JOINT BASE MCGUIRE-DIX-LAKEHURST, N.J. —
Stormwater pollution is one of New Jersey's greatest threats to clean and plentiful water and that's why Joint Base McGuire-Dix-Lakehurst residents are doing something about it.
The rain washes pollution from streets, parking lots, and lawns into storm drains. From there the water travels directly to drinking-water supplies. It also enters the ocean and lakes that children play in. Fertilizer, oil, pesticides, detergents, pet waste, grass clippings ... you name it and it ends up in our water.
Community members can keep common pollutants out of stormwater by sharing the responsibility and making small, easy changes in their daily lives. Every step adds up to cleaner water and lowers the cost of cleaning up once it's dirty.
New Jersey adopted an initiative to keep its water clean and plentiful and to meet federal requirements. Many municipalities and other public agencies, including colleges and military installations, must adopt ordinances or other rules prohibiting various activities that contribute to stormwater pollution. Breaking these rules can result in fines or other penalties.
As a resident, business owner or other member of the New Jersey community, it is important to practice the following steps every day in order to protect the water:
Limit the use of fertilizers and pesticides:
-Conduct a soil test to see if you need a fertilizer.
-Look into alternatives for pesticides.
-Maintain a small lawn and keep the rest of your property or yard in a natural state with trees and other native vegetation that requires little or no fertilizer.
-If you use fertilizers and pesticides, follow the instructions on the label on how to correctly apply it.
-Make sure you properly store or discard any unused portions.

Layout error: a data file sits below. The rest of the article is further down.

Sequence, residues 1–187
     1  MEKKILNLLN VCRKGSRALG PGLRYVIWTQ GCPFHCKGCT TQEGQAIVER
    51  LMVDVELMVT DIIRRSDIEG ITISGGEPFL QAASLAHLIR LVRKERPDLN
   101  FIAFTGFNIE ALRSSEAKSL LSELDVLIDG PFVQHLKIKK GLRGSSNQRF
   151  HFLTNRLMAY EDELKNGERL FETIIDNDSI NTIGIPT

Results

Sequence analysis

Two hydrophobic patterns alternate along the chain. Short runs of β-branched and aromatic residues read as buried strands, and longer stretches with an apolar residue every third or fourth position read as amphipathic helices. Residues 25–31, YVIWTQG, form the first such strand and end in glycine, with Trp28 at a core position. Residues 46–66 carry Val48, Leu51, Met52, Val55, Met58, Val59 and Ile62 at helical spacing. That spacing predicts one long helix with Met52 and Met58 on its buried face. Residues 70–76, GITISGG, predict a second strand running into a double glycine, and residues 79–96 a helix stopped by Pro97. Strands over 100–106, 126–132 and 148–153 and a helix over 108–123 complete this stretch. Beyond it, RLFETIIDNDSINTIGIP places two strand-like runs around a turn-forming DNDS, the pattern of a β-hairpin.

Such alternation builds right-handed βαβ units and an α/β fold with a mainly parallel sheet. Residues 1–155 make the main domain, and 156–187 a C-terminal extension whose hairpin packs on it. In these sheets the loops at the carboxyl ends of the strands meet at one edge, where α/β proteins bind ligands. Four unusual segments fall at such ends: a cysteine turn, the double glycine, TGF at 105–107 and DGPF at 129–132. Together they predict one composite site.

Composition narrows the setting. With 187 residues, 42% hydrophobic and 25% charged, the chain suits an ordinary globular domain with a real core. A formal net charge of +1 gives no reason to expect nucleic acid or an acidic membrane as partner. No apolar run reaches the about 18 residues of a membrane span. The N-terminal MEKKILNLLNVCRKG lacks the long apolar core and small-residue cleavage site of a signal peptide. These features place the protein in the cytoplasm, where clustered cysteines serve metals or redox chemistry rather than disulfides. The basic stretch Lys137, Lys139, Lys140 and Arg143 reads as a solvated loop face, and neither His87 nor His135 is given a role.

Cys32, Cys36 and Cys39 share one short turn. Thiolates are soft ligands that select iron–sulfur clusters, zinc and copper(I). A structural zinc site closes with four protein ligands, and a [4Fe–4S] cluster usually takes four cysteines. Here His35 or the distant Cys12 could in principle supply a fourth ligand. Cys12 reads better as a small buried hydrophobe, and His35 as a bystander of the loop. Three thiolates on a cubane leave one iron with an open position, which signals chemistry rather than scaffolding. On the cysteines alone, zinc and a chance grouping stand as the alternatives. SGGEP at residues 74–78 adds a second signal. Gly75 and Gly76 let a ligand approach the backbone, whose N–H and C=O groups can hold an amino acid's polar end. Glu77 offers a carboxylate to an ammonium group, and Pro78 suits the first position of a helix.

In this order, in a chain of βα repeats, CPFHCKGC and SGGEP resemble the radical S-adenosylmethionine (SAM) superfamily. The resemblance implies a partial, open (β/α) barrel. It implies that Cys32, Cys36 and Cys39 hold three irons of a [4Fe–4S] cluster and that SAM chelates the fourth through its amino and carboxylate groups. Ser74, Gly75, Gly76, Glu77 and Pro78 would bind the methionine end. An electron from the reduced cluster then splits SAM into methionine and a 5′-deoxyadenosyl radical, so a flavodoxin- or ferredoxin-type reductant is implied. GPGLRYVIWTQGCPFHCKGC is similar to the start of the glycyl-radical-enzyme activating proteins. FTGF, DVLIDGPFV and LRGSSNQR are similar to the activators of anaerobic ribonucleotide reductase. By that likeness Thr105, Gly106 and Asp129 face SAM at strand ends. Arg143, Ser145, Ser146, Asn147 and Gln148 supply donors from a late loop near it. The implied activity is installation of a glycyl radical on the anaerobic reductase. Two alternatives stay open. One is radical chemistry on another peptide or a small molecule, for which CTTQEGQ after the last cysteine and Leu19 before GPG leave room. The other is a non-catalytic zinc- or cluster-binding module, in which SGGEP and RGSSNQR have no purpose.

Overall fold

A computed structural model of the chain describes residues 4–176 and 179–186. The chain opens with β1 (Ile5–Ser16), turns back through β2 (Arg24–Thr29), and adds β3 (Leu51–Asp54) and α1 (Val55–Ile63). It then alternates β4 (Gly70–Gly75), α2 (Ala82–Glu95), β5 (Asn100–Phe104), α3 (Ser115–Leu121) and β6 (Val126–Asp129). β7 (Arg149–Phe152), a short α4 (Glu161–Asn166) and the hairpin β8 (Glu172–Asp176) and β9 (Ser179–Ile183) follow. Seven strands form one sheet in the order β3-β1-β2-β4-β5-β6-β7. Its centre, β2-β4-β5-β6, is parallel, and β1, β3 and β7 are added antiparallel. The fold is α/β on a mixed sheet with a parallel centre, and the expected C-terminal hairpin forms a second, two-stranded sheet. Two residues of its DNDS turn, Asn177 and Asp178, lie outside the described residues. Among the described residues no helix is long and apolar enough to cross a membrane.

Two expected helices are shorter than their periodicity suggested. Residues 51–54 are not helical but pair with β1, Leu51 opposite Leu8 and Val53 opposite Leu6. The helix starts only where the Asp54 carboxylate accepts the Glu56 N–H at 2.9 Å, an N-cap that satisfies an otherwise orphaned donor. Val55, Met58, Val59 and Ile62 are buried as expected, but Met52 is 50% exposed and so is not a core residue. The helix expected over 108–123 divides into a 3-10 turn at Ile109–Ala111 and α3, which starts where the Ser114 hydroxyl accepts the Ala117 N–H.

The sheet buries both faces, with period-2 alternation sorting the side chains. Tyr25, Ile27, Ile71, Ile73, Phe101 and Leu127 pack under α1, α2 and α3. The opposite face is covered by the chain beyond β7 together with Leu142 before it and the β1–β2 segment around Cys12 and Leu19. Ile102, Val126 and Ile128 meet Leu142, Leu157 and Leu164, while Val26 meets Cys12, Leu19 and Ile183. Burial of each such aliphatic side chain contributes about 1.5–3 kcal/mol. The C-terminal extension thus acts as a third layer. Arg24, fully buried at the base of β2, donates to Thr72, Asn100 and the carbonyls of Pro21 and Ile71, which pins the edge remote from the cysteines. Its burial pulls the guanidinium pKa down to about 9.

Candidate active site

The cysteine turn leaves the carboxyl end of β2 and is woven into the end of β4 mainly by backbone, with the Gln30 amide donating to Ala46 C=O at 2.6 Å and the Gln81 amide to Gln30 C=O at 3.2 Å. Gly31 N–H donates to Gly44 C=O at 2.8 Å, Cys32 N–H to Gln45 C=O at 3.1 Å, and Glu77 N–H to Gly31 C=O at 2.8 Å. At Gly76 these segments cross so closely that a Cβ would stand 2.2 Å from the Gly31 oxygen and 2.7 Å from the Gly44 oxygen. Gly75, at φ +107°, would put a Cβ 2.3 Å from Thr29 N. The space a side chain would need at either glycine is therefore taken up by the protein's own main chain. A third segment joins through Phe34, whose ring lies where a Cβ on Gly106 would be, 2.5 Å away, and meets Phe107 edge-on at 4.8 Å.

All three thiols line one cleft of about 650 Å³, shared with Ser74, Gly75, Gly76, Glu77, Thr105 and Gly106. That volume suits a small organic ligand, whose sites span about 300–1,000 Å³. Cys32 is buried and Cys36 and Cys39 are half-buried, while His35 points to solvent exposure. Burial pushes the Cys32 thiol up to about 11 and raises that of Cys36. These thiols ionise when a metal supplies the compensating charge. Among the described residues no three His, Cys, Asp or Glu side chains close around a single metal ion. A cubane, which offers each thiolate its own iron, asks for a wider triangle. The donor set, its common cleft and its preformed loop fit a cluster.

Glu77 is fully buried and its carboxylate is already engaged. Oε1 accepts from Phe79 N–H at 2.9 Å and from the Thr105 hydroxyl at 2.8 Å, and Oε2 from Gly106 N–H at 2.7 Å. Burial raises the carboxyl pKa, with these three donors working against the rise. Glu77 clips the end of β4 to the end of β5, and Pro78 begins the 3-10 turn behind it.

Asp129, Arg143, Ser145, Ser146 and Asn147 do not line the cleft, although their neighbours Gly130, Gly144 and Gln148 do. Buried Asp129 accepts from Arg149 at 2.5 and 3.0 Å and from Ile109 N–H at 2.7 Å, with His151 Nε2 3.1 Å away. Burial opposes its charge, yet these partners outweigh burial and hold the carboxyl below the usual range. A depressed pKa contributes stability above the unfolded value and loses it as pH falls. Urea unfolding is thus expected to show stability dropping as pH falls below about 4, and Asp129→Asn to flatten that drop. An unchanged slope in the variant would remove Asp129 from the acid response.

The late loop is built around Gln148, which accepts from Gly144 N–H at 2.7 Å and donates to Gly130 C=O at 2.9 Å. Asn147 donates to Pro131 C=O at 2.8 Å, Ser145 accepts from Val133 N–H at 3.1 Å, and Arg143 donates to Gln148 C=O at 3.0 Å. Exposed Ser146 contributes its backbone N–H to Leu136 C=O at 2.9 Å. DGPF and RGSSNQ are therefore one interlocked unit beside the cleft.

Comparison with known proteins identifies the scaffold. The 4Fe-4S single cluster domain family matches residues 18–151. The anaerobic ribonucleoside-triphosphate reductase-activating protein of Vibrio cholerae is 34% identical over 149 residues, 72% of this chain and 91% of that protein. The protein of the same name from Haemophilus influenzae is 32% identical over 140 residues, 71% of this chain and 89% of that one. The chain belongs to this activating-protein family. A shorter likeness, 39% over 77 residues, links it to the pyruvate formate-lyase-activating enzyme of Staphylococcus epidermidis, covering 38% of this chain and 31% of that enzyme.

Properly use and dispose of hazardous products:
-Hazardous products include some household or commercial cleaning products, lawn and garden care products, motor oil, antifreeze and paints.
-Do not pour any hazardous products down a storm drain because storm drains are usually connected to local water bodies and the water is not treated.
-If you have hazardous products in your home or workplace, make sure you store or dispose of them according to respective labels.
-Use natural or less-toxic alternatives when possible.
-Recycle used motor oil.
-Contact your municipality, county or facility management office for the locations of hazardous-waste disposal facilities.
Keep pollution out of storm drains:
-Municipalities and many other public agencies are required to mark certain storm drain inlets with messages reminding people that storm drains are connected to local water bodies.
-Do not let sewage or other wastes flow into stormwater systems.
Clean up after your pet:
-Many municipalities and public agencies must enact and enforce local pet-waste rules.
-An example is requiring pet owners or their keepers to pick up and properly dispose of pet waste dropped on public or other people's property.
-Make sure you know your town's or agency's requirements and comply with them. They are the law.
-Use newspaper, bags or pooper-scoopers to pick up waste.
-Dispose of the wrapped pet waste in the trash or unwrapped in a toilet.
-Never discard pet waste in a storm drain.
Don't feed wildlife:
-Do not feed wildlife, such as ducks and geese, in public areas.
-Many municipalities and other public agencies must enact and enforce a rule that prohibits people from feeding wildlife in these areas.
-Place litter in trash receptacles.
-Recycle. Recycle. Recycle.
-Participate in community cleanups.
Dispose of yard waste properly:
-Keep leaves and grass out of storm drains.
-If your municipality or agency has yard waste collection rules, follow them.
-Use leaves and grass clippings as a resource for compost.
-Use a mulching mower that recycles grass clippings into the lawn.
For more information on stormwater pollution prevention on Joint Base MDL, contact Kristen Jicha at (609) 754-1806